He can’t make a universe of his own. He can, however, cobble one together from choice cuts from other people’s universes. And if he’s taking realms whose residents have committed some crime so foul that the local gods are tempted to nuke the place anyway, he can even carve out some niche for himself and a reason for his existence in the multiverse.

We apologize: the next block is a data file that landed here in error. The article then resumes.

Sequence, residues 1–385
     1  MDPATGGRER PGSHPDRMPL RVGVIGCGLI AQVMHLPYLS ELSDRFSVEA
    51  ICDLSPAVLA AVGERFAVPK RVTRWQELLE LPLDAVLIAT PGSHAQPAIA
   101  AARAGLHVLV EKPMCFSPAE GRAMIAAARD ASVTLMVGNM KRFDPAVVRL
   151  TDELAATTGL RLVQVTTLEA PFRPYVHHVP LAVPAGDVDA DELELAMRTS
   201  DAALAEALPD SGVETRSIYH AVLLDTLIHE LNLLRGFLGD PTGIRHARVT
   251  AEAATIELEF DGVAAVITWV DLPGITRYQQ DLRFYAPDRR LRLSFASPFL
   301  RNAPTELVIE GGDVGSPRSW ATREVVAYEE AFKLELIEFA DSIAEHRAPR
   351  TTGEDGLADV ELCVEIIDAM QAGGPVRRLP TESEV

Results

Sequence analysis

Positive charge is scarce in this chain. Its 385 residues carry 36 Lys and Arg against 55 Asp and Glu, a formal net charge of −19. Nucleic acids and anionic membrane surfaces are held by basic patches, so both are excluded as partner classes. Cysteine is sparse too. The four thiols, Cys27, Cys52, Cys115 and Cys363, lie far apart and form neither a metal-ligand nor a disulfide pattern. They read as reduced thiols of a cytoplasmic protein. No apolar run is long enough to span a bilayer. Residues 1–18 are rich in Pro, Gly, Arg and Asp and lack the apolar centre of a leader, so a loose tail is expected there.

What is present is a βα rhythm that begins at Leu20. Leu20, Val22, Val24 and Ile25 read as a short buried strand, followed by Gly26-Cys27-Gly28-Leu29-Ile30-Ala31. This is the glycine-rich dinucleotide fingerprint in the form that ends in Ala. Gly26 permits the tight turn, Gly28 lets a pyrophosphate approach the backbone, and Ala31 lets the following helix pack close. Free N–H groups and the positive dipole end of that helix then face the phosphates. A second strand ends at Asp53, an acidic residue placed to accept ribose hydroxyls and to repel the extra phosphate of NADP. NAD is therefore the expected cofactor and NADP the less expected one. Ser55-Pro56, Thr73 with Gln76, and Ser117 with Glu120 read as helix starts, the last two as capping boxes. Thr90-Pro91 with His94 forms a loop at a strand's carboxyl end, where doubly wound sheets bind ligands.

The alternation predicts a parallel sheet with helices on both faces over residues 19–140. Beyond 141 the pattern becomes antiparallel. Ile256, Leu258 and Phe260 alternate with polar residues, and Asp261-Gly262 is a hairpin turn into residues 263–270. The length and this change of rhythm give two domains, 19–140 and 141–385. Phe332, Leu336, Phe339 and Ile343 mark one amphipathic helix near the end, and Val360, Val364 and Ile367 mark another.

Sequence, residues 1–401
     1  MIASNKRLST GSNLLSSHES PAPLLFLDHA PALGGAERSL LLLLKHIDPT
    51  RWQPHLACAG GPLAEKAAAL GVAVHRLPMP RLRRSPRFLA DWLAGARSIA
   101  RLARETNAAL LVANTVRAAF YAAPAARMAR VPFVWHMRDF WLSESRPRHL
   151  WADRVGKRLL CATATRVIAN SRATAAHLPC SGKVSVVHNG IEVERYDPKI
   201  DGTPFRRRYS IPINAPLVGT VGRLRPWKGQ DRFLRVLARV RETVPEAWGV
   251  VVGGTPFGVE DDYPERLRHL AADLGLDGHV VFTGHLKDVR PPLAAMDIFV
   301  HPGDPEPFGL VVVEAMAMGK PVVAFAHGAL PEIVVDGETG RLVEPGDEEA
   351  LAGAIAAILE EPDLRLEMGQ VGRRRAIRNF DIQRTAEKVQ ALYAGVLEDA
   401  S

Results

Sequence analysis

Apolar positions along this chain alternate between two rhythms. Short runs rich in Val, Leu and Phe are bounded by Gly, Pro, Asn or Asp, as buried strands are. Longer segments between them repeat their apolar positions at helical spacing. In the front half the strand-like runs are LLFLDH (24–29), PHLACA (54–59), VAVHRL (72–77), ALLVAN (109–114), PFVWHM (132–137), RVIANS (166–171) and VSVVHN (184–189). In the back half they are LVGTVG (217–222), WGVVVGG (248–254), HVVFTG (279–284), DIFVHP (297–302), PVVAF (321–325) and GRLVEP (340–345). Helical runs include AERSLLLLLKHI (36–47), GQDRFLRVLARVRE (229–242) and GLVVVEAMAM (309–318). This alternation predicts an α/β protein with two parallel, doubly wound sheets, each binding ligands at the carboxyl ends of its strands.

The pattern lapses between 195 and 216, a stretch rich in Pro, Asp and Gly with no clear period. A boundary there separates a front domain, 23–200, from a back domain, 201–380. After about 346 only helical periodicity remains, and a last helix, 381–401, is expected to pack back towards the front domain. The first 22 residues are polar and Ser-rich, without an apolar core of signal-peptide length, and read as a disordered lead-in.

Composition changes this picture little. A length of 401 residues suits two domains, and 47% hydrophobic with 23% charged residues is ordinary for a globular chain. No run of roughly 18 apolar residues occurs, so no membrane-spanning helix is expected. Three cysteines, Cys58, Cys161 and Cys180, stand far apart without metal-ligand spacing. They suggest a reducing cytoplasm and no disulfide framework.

So, let’s say that this is the point where Raistlin becomes the Dark Powers – or, rather, Dark Power – of Ravenloft. Beginning with Strahd, he starts collecting people from across the Prime Material Planes, capturing lands with them as he goes, selecting candidates based mostly on alignment affinity (either because he sees a bit of himself in them, or because they personally offend him, or because of the way the magic of those hailing from Krynn is tied strongly to alignment and that gives him the connection he needs to do the job). If you go with the parallel universe idea, perhaps he cannibalises bits of his lifeless, empty version of Krynn to provide power and raw materials. The extremely impersonal nature of the Dark Powers may be down to him losing his identity as suggested earlier, or deliberately hiding it for his own reasons, or losing his sense of himself over the aeons, or a necessary step to be able to exert himself in universes where he does not otherwise belong.